March is a funny month. Technically its spring but as far as the weather is concerned its still winter.  There is however so much promise and hope of warmer weather.  Blossom on the tree, bulbs in the garden, longer days and those bright trumpets heralding spring, the daffodil.  One thing I have really enjoyed this month is watching (and hearing) the birds returning from their winter vacation.  I do so love bird song and so my styling the season post for march is an ode to birds, and blossom.  I chose to style this little copper wire basket.  I picked it up at Tiger after Christmas, I loved its quirky style.  I may spray paint it a sweet pastel colour as it reminds me of a little bird house.  Initially i was thinking of injecting lots of colour into my vignette with daffodils and pastel coloured pom poms but a lovely friend bought me some beautiful blossom branches and this is what evolved.  I think the cooler tones reflect the cool weather and yet the bird and blossom say spring.

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Styling the seasons – February

Here we are in February, my least favorite month of the year. It is endlessly grey and cold and the warmer weather seems a distant prospect. Then we have this delightful little day in the middle of the month all about love and pink and little hearts and flowers. I love how girly it is. So I’ve decided a light and airy valentines vignette on my living room bookcase would bring a smile to my face when skies are grey.  Yet again I struggled enormously with lighting my photo’s this grey month & I am still not happy with my results.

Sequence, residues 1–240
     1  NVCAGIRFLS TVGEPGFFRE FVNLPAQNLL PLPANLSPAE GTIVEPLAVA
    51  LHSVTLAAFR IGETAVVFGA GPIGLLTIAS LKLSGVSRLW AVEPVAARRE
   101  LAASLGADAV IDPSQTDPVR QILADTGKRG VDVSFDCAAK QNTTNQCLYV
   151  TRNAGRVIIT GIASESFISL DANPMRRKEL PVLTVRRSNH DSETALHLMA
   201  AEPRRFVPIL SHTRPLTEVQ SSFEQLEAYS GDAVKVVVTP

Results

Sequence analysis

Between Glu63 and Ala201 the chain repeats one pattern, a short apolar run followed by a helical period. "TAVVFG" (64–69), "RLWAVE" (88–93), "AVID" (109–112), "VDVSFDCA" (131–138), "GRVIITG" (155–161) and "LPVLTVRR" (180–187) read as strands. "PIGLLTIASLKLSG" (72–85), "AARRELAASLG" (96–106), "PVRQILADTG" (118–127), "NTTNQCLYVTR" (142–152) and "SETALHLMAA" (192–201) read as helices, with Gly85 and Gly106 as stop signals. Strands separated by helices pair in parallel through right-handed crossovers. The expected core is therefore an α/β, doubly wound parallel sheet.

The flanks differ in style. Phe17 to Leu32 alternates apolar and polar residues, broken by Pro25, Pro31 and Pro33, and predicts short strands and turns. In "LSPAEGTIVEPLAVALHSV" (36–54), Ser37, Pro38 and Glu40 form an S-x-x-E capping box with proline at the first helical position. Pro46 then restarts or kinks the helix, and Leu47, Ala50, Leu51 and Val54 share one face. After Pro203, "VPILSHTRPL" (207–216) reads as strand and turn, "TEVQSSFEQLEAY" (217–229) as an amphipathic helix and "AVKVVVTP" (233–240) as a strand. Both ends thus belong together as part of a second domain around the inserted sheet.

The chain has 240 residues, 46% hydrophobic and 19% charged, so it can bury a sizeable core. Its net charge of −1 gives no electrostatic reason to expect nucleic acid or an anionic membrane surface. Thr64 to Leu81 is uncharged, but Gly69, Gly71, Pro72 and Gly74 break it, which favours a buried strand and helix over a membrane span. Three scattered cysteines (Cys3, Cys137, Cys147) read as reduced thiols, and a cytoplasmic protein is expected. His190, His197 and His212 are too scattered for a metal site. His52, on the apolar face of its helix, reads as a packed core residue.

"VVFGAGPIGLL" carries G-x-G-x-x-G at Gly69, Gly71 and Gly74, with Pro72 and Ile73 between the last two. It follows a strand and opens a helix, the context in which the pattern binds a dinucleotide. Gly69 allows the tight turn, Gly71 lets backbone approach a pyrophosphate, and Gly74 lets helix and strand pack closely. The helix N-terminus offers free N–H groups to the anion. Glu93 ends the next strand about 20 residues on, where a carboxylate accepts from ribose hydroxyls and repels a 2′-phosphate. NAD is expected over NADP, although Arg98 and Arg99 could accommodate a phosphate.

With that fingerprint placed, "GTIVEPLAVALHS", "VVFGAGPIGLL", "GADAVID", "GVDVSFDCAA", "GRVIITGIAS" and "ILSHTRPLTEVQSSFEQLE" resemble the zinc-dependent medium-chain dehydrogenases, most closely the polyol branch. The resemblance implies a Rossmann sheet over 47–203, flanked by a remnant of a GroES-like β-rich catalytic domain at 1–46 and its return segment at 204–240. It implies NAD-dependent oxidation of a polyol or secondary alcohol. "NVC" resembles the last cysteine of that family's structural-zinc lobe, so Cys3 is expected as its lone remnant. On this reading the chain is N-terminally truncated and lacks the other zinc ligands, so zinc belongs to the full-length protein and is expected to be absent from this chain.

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Sadly you can’t read the titles of the books. they are Love Letter of Great Men and Love Letters are Great Women. A valentines gift I bought my husband a couple of years ago, he didn’t take the hint in fact I don’t think he’s read them. Romantic gifts for men are so tricky.  This year I have decided to live by that old phrase “the way to a mans heart is through his stomach”.  I’ll be making truffles for my husband.

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Happy valentines day to you all.